The prince had four older half-brothers he looked up to, he says. One was an astronaut who flew on the space shuttle Discovery, the first Arab and Muslim to reach outer space. Another is the respected deputy oil minister. A third became a university professor with a Ph.D. from Oxford in political science, and the fourth, who died in 2002, founded one of the largest media groups in the Middle East.

All of them worked closely with King Fahd because he was their father’s full brother, the prince explains, “which allowed us to observe and live” the heady atmosphere of the royal court.

Prince Mohammed saw two possible versions of himself: one who pursued a vision of his own, and one who adapted to the court as it was.

“There’s a big difference,” he says. “The first, he can create Apple. The second can become a successful employee. I had elements that were much more than what Steve Jobs or Mark Zuckerberg or Bill Gates had. If I work according to their methods, what will I create? All of this was in my head when I was young.”

In 2007, Prince Mohammed graduated fourth in his class from King Saud University with a bachelor’s degree in law.

Then the kingdom came knocking. He resisted at first, telling the director of the Bureau of Experts, which serves as the cabinet’s legal adviser, that he was off to get married, earn a master’s degree overseas, and make his fortune. But his father urged him to give the government a chance, and Prince Mohammed did so for two years, focusing on changing certain corporate laws and regulations that “I had always struggled with.”

His boss, Essam bin Saeed, says the prince showed a restless intellect and no patience for bureaucracy. “Procedures that used to take two months, he’d ask for them in two days,” says Saeed, who now works as a minister of state. “Today, it’s one day.”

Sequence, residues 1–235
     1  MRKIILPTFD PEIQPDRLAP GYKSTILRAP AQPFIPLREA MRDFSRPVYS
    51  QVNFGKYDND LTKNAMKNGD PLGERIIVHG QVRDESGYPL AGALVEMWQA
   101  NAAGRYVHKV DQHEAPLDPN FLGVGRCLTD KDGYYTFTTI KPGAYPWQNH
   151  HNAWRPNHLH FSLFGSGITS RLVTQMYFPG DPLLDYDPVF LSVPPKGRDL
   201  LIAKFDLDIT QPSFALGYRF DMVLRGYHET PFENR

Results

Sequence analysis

In 2009, King Abdullah refused to approve Prince Mohammed’s promotion, in theory to avoid the appearance of nepotism.

A bitter Prince Mohammed left and went to work for his father, then governor of Riyadh. He stepped into a viper’s nest.

As Prince Mohammed tells it, he tried to streamline procedures to keep his father from drowning in a sea of paperwork, and the old guard rebelled. They accused the young prince of usurping power by cutting off their contact with his father and took their complaints to King Abdullah.

In 2011, King Abdullah named Prince Salman defense minister but ordered Prince Mohammed never to set foot inside the ministry.

The prince worried his career was over. “I’m saying to myself, ‘I’m in my 20s, I don’t know how I fell into more than one trap,’ ” he says. But given how things have turned out, he’s grateful. “It’s only by coincidence I started working with my father—all because of King Abdullah’s decision not to grant my promotion. God bless his soul, he did me a favor.”

The prince resigned his government post and went to work reorganizing his father’s foundation, which builds housing, and started his own nonprofit aimed at fostering innovation and leadership among Saudi youth.